• Cleanliness of Automated Code or Log generated.
  • Practical application in consulting and corporate world.
  • Cost and Ease of Ownership (including purchase,install,training,maintainability,renewal)
  • Aesthetics (or just plain pretty)

However this list is not in order of ranking- ( as beauty (of GUI) lies in eyes of the beholder). For a list of top 10 GUI in R language only please see –

This is only a GUI based list so it excludes notable command line or text editor submit commands based softwares which are also very powerful and user friendly.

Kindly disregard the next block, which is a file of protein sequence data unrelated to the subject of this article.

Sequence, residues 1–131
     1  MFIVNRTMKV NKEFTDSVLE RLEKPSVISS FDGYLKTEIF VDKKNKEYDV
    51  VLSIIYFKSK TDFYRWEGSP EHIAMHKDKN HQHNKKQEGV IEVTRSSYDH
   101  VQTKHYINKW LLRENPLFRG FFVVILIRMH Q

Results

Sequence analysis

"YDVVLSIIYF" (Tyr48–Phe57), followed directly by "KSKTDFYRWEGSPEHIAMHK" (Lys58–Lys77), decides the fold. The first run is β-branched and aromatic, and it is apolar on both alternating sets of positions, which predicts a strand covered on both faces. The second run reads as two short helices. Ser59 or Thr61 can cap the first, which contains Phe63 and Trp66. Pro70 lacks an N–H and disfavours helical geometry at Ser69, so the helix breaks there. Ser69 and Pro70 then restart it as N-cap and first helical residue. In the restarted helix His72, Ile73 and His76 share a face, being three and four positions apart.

1. JMP –

While critics of SAS Institute often complain on the premium pricing of the basic model (especially AFTER the entry of another SAS language software WPS from – they should try out JMP from – it has a 1 month free evaluation, is much less expensive and the GUI makes it very very easy to do basic statistical analysis and testing. The learning curve is surprisingly fast to pick it up (as it should be for well designed interfaces) and it allows for very good quality output graphics as well.


The original GUI in this class of softwares- it has now expanded to a big portfolio of products. However SPSS 18 is nice with the increasing focus on Python and an early adoptee of R compatible interfaces, SPSS does offer a much affordable solution as well with a free evaluation. See especially and

the screenshot here is of SPSS Modeler

3. WPS